Ross Paule’s Bluejays Get Signature Win Against Marquette
When one looks through the history books it’s hard not to notice the dominance the Marquette Golden Eagles have displayed in Big East play over the last decade-plus. Watch their last few matches against Creighton from the perspective of a Bluejay player, coach, and fan, and it’s even more apparent. But then, all of a Sullivan — sorry, sudden — there was a shift as the Bluejays erased a 2-0 deficit to take down the Big East giants, 3-2, double overtime at Morrison Stadium.
Senior forward Lauren Sullivan’s golden goal in the 108th minute kicked off an on-field celebration similar to one usually seen at championship events. That’s because it cleared a Golden Eagle-sized hurdle and continued to raise the bar of Ross Paule’s women’s soccer program in his second year on the sideline in Omaha.
“It’s a huge win. I’m so stoked,” Sullivan said. “We’ve all been talking about believing in each other and believing in this team, and focusing and finishing off the game — we did all of that out there and I’m really proud, especially of these younger girls. To come out in your first Big East game, throw some bodies around, and give it 110% I’m so proud of them.”
Sullivan doesn’t even get a chance to be the hero in overtime if not for the efforts of two freshmen: Taryn Jakubowski and Ashleigh Cearlock.
With time ticking away late in the second half and Creighton still trailing 2-1, Jakubowski maneuvered through the midfield, and as she has grown accustomed to doing, played a perfect through ball that led Cearlock to the top of the box. The 5-foot-2 forward from Springfield, Ill., didn’t even need a touch as she caught up to it in between both center backs and lifted a shot over Marquette goalkeeper, and Omaha native, Maddy Henry to provide the equalizer in the 79th minute for her first career goal — one of the biggest by a Bluejay given the time, the score, and the opponent since Creighton joined the Big East in 2013.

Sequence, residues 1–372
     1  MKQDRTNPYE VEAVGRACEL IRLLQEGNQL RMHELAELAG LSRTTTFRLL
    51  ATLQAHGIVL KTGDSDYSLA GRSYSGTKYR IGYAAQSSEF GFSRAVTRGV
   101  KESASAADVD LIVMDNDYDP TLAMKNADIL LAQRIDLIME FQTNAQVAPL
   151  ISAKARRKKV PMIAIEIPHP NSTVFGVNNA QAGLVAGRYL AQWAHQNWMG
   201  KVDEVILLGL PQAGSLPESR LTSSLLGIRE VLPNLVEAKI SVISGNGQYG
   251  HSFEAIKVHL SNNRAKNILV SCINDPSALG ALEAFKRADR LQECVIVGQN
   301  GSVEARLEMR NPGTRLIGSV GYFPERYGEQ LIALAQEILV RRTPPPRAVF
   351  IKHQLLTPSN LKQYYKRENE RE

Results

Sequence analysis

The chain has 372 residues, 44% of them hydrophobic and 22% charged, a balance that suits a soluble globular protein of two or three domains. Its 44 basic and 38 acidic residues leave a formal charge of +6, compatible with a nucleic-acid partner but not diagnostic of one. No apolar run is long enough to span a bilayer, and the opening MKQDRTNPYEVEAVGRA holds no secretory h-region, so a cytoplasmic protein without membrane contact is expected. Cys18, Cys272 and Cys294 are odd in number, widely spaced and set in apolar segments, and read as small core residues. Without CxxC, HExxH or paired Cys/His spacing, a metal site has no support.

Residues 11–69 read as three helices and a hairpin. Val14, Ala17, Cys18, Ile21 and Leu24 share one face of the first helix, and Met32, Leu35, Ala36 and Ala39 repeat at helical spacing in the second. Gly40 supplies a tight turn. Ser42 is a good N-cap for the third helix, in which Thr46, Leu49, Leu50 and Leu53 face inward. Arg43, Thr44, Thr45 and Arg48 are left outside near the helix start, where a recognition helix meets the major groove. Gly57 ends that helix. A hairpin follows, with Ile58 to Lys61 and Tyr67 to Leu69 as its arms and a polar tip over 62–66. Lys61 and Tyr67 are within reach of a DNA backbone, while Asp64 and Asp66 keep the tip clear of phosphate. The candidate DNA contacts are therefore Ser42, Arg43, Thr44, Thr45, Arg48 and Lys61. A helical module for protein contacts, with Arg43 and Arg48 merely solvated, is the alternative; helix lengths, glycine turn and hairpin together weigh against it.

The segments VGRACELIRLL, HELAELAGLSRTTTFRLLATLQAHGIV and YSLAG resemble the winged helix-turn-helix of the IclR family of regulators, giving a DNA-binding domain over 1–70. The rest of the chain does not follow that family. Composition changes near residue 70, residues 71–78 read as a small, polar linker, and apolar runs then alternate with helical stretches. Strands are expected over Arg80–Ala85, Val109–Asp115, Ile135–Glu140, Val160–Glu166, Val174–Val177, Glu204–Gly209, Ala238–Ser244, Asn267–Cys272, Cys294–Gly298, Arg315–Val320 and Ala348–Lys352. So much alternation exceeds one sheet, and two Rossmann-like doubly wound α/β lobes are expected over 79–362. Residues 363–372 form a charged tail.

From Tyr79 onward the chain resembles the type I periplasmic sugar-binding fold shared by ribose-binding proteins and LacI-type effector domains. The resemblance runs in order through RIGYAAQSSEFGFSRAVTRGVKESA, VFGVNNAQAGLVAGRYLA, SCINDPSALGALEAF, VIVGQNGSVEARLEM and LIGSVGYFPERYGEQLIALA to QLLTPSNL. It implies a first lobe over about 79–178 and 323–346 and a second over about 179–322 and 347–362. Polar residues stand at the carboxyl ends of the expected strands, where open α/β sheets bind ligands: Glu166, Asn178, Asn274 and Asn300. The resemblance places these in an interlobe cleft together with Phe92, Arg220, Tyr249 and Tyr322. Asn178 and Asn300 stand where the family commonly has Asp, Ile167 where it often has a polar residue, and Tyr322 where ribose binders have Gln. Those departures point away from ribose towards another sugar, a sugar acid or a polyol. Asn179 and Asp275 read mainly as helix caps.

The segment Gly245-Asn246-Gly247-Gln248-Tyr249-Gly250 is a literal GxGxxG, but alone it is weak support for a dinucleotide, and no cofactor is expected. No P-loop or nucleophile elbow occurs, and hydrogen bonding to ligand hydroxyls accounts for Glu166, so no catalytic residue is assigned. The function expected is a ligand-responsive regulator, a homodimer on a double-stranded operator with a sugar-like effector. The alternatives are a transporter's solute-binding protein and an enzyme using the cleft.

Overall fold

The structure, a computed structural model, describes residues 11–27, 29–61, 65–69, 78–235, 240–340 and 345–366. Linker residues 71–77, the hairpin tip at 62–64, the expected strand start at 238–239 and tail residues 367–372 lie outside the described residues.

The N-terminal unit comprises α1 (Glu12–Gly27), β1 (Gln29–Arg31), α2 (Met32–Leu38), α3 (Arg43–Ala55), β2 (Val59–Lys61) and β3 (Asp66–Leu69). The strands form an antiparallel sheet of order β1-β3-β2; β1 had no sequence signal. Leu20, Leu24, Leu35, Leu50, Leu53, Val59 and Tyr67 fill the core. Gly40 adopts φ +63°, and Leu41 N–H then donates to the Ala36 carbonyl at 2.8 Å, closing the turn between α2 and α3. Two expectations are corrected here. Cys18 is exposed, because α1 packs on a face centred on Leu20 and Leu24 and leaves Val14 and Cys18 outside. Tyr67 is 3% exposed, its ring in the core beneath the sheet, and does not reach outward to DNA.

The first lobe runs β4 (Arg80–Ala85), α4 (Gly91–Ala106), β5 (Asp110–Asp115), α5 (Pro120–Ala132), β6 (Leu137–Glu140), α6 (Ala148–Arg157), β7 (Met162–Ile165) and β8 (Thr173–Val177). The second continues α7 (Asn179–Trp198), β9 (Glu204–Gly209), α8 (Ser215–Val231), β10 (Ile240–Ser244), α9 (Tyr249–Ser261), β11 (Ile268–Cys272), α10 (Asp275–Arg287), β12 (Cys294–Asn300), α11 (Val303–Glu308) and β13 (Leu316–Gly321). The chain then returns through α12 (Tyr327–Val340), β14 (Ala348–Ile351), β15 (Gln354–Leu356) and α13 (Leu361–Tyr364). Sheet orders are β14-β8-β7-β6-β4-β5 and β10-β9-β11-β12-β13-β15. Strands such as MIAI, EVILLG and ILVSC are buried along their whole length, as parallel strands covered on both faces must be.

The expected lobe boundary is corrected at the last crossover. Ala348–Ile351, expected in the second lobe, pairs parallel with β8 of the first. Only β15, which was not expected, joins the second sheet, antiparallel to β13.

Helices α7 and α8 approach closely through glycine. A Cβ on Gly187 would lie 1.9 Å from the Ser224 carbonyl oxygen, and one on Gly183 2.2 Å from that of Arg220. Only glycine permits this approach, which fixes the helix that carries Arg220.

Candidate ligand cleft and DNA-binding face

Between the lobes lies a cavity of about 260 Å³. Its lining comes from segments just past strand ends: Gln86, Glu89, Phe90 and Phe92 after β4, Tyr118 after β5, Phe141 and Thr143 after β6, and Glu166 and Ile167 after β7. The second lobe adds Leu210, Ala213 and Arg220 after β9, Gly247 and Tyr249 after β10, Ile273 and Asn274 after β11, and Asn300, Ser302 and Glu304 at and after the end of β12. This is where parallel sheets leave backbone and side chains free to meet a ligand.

“I was jumping for joy. I think Scott should have tested my vertical right there, because I was way up in the air,” Sullivan said, referring to Scott Bankers, Creighton’s Athletic Assistant Director before going on to praise Jakubowski for her work rate and production that may go unnoticed in a soccer post-match box score.
“Taryn works so hard,” she said. “She’s honestly our workhorse, the engine to our team. When she’s out there it’s just a different kind of energy. A lot of times she doesn’t get the credit that she deserves because she’s always the third or fourth pass before something really special happens, but I can’t even underplay how important she is to our team — she’s critical to this season.”
Of course, you can’t have an equalizer if you don’t the first goal to cut Marquette’s two-goal lead in half. That’s where Sullivan came in to bookend the day’s highlights for Creighton. Down 2-0 late in the opening half, the Bluejay star took a pass from junior defender Gabriela Braga about two yards away from the midfield line. She proceeded to cross over into Marquette’s defensive half and cut through the middle of the field toward the 18-yard box. She blew by a Golden Eagle midfielder, then split the two center backs with a little forward flick to herself before chipping Henry and slotting one into the back of the net.